Working with family members is great if you establish some perimeters from the beginning.  In a partnership of any kind, especially with family, make sure you share the same short and long-term vision.  Clearly set and define your responsibilities, so the major ones don’t overlap.  Have a sense of humor and find a way to de-stress.  When surrounded by other family members, it’s best to avoid constantly discussing the business.

What’s been the most exciting thing that has happened as a result of working together?

Many times it feels like the two of us are a tag team; one of us gets an idea and the other expands on it.  We continuously feed off each other in a productive and sometimes exhilarating manner. 

One of the most exciting moments occurred when Rebekah was named as a national finalist in the Make Mine a Million Dollar Business Race.  I discovered the contest sponsored by the Count Me In organization and secretly decided that I would surprise my daughter by entering the contest.  After filling out most of the lengthy on-line application, I realized that the company could be better represented by my energetic and enterprising young daughter.

I told Rebekah about the contest one day before the deadline, giving her just enough time to change necessary answers and print out all the financial information needed.  The two of us whipped out a very cool 3 minute video featuring Rebekah and 505 Imports, and somehow we made the deadline.  A month later as Rebekah was being showered with awards in Hollywood, Florida, I felt so proud of her and also thought of the moment as a personal triumph as well.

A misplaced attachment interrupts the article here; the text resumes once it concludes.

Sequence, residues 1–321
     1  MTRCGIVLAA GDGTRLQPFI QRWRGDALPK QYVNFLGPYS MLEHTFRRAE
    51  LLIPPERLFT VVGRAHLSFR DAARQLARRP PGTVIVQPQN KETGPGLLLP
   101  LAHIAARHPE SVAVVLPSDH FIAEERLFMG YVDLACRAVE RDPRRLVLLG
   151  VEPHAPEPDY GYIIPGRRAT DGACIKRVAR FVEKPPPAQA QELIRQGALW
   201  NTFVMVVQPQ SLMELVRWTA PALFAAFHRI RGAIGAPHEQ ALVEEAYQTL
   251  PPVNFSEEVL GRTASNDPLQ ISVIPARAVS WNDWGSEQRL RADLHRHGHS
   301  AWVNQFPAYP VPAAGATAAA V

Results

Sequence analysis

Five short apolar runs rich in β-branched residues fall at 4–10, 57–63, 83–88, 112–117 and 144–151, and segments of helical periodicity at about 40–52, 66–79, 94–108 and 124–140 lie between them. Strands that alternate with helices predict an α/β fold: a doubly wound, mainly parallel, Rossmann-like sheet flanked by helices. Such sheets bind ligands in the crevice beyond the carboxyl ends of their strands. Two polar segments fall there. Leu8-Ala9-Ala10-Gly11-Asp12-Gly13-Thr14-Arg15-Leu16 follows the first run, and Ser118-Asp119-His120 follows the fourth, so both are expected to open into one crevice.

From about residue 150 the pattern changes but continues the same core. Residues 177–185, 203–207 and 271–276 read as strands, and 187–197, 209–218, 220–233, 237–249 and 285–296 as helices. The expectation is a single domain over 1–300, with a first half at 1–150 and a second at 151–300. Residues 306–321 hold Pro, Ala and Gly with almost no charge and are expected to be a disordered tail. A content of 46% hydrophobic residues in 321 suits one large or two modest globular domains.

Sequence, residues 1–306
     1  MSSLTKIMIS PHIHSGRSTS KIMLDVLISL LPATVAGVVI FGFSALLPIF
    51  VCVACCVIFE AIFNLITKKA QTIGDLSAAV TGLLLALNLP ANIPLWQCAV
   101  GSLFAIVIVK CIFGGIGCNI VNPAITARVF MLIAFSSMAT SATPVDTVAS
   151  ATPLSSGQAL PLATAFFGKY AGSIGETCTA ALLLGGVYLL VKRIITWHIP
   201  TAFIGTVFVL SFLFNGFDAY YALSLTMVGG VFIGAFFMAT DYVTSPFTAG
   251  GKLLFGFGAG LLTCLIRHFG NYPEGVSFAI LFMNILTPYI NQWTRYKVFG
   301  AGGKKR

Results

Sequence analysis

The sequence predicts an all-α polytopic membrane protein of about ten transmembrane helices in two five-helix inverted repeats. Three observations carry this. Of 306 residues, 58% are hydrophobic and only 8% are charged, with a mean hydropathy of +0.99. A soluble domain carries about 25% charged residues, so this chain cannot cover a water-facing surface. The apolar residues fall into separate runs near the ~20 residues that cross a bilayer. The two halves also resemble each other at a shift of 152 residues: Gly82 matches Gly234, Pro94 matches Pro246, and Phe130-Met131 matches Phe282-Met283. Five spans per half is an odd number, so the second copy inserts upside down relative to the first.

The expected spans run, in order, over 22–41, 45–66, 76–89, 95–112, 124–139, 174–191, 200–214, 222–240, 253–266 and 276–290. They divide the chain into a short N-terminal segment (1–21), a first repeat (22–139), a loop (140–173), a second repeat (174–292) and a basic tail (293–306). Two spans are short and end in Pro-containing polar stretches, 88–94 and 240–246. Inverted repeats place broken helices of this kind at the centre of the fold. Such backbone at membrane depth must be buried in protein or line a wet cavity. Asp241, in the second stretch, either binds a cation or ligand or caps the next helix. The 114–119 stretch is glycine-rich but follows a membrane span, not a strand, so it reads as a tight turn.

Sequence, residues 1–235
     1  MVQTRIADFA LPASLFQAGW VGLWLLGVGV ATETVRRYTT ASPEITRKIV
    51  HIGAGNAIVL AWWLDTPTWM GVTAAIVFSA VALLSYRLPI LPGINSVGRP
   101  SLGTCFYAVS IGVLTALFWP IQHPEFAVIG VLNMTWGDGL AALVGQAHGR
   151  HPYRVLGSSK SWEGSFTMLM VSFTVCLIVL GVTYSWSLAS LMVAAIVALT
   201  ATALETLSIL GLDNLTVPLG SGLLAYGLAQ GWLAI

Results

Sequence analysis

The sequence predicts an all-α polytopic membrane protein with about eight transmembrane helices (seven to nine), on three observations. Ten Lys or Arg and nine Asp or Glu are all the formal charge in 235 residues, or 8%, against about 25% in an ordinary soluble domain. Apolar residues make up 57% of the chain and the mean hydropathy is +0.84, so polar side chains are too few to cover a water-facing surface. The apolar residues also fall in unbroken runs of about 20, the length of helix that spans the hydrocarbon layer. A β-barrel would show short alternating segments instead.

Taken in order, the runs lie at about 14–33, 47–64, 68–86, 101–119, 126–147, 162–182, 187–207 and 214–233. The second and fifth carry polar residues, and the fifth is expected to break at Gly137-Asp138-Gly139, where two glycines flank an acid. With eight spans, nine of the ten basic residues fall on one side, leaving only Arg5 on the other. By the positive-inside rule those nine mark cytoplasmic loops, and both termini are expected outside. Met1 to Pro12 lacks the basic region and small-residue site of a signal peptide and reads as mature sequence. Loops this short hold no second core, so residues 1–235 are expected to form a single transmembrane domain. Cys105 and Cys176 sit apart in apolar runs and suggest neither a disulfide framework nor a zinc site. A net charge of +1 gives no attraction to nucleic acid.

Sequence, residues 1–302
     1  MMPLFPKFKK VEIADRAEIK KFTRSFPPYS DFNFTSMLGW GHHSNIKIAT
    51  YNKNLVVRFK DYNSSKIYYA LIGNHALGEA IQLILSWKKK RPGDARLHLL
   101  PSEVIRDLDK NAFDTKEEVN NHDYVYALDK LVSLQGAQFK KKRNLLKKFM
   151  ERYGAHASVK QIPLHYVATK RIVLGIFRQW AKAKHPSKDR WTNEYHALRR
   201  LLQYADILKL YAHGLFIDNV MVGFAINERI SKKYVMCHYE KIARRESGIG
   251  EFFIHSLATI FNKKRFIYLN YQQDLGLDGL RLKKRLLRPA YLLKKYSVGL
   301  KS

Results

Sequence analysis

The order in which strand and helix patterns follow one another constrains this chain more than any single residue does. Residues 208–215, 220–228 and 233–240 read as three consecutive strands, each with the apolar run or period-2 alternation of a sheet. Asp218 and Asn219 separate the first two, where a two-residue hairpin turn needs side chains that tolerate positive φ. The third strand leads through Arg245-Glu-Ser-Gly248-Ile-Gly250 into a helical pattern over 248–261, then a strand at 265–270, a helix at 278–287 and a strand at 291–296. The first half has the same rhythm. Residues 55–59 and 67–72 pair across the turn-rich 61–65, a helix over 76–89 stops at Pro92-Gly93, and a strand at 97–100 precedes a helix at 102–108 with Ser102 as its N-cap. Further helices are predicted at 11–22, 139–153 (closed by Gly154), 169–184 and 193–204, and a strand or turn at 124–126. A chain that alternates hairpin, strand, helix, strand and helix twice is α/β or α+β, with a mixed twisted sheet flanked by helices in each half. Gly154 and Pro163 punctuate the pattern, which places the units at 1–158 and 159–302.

What’s next for this mother daughter team?

There are many ideas floating around in our heads.

First, we have plans to open an on-line store by June, 2009.  With the national exposure we are receiving from the Make Mine a Million Dollar Business event, we feel that it is perfect timing to expand the 505 boundaries.

Also, there are several 505 franchise stores in the works, and this mother/daughter team has goals for opening 15 stores in the South (Texas, Louisiana, Arkansas, Florida, etc.) in the next 5 years.

Down the road, we have an idea for a higher-end version of our furniture store with an upscale bedding store (linens, bedding and pillows) adjoined to one side and a bath shop (body care, soaps, candles, etc.) on the opposite side.  We would also love to own a funky shop that specializes in salvaged furniture, reclaimed items, and exotic treasures from our journeys.

Is there anything else you’d like to share?

The two of us are all about differentiation.  We have pledged to do our own thing, not really following any leaders in the workplace, and in the process, 505 has evolved with a personality all its own. 

The biggest satisfaction occurs when someone walks in the door for the first time, opens their eyes wide, and says, “Wow!”  The wow factor is what we have tried hardest to achieve in the store environment.  The most commonly asked question we get:  “Is this a national chain?”

We are happiest—not when we’ve made our biggest sale—but when we feel that we’ve provided someone with furniture or accessories that totally change the feel of their home. Helping to provide customers with a warm, inviting, cozy, exotic home environment is “a dream come true” for the two of us.

Unusual and Reversed Roles:

            The daughter is the budget Nazi.  The mother likes to BUY, BUY, BUY.

The daughter is the computer and math nerd.  The mother is the creative, design- oriented one.

            The daughter is focused and serious.  The mother wants to “play” and          travel.

            The daughter is young and hip.  The mother is old and hip. Haha

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This article can be read in the Spring/Summer Issue of WE Magazine for Women